Free format text: SECURITY AGREEMENT;ASSIGNOR:GM GLOBAL TECHNOLOGY OPERATIONS, INC.;REEL/FRAME:023156/0001
Effective date: 20090710
Aug 28, 2009ASAssignment
Owner name: UAW RETIREE MEDICAL BENEFITS TRUST, MICHIGAN
Free format text: SECURITY AGREEMENT;ASSIGNOR:GM GLOBAL TECHNOLOGY OPERATIONS, INC.;REEL/FRAME:023161/0911
Effective date: 20090710
Owner name: UAW RETIREE MEDICAL BENEFITS TRUST,MICHIGAN
Free format text: SECURITY AGREEMENT;ASSIGNOR:GM GLOBAL TECHNOLOGY OPERATIONS, INC.;REEL/FRAME:023161/0911
Effective date: 20090710
Nov 4, 2010ASAssignment
Owner name: GM GLOBAL TECHNOLOGY OPERATIONS, INC., MICHIGAN
Free format text: RELEASE BY SECURED PARTY;ASSIGNOR:UNITED STATES DEPARTMENT OF THE TREASURY;REEL/FRAME:025245/0347
Effective date: 20100420
Owner name: GM GLOBAL TECHNOLOGY OPERATIONS, INC., MICHIGAN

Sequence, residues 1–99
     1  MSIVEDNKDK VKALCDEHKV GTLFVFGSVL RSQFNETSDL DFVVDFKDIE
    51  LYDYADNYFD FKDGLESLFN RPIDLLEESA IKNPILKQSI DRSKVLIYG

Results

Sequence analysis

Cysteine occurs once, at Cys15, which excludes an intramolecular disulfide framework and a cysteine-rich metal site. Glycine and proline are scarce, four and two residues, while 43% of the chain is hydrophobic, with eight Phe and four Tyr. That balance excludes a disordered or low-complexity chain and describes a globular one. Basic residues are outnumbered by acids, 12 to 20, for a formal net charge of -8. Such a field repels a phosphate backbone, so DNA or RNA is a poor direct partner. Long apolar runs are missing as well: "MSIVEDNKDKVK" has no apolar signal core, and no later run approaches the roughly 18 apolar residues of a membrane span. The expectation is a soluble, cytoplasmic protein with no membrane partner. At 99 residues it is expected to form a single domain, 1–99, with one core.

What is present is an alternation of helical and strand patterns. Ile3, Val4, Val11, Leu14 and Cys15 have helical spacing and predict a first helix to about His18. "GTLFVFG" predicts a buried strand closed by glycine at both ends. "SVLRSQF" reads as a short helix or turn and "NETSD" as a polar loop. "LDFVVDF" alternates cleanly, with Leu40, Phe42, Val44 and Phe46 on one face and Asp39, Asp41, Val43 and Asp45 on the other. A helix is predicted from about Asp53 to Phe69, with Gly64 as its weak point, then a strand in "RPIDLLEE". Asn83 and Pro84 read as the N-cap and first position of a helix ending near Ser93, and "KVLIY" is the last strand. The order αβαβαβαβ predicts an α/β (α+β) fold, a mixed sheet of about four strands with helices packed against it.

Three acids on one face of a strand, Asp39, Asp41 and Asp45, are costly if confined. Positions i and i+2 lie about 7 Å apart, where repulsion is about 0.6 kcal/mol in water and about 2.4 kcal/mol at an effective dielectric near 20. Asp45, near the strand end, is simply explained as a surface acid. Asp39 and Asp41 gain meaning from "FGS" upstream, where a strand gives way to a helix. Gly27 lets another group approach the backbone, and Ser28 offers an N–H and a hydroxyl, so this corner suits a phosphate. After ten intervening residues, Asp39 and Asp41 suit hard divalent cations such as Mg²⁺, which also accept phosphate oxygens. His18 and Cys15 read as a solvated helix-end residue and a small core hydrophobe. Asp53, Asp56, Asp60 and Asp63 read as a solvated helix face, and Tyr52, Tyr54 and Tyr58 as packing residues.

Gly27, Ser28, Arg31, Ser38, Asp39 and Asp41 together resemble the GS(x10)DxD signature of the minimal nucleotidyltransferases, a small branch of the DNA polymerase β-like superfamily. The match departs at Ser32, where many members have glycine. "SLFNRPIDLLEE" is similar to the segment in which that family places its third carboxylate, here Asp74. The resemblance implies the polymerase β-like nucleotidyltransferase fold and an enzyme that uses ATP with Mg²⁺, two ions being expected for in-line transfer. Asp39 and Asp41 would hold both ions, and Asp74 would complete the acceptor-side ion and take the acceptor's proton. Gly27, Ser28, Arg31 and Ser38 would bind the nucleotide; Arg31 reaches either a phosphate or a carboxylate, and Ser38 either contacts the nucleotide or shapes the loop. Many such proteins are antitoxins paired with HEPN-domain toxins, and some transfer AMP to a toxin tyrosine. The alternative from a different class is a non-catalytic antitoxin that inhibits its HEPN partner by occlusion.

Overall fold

Free format text: RELEASE BY SECURED PARTY;ASSIGNOR:UAW RETIREE MEDICAL BENEFITS TRUST;REEL/FRAME:025311/0725
Effective date: 20101026
Nov 8, 2010ASAssignment
Owner name: WILMINGTON TRUST COMPANY, DELAWARE
Free format text: SECURITY AGREEMENT;ASSIGNOR:GM GLOBAL TECHNOLOGY OPERATIONS, INC.;REEL/FRAME:025327/0262
Effective date: 20101027
Feb 10, 2011ASAssignment
Owner name: GM GLOBAL TECHNOLOGY OPERATIONS LLC, MICHIGAN
Free format text: CHANGE OF NAME;ASSIGNOR:GM GLOBAL TECHNOLOGY OPERATIONS, INC.;REEL/FRAME:025780/0902
Effective date: 20101202
Apr 25, 2012FPAYFee payment
Year of fee payment: 4
Nov 7, 2014ASAssignment
Owner name: GM GLOBAL TECHNOLOGY OPERATIONS LLC, MICHIGAN
Free format text: RELEASE BY SECURED PARTY;ASSIGNOR:WILMINGTON TRUST COMPANY;REEL/FRAME:034183/0680
Effective date: 20141017
May 12, 2016FPAYFee payment
Year of fee payment: 8